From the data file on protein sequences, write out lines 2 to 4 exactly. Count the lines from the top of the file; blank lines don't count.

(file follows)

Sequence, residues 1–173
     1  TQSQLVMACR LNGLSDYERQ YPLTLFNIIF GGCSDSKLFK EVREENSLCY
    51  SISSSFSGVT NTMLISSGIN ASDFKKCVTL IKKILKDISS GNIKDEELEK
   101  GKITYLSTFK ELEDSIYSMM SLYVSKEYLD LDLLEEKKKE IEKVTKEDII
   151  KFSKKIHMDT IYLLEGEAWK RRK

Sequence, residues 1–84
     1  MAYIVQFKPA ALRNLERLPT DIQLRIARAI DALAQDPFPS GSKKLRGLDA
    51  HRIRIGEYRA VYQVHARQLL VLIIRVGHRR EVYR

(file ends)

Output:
     1  TQSQLVMACR LNGLSDYERQ YPLTLFNIIF GGCSDSKLFK EVREENSLCY
    51  SISSSFSGVT NTMLISSGIN ASDFKKCVTL IKKILKDISS GNIKDEELEK
   101  GKITYLSTFK ELEDSIYSMM SLYVSKEYLD LDLLEEKKKE IEKVTKEDII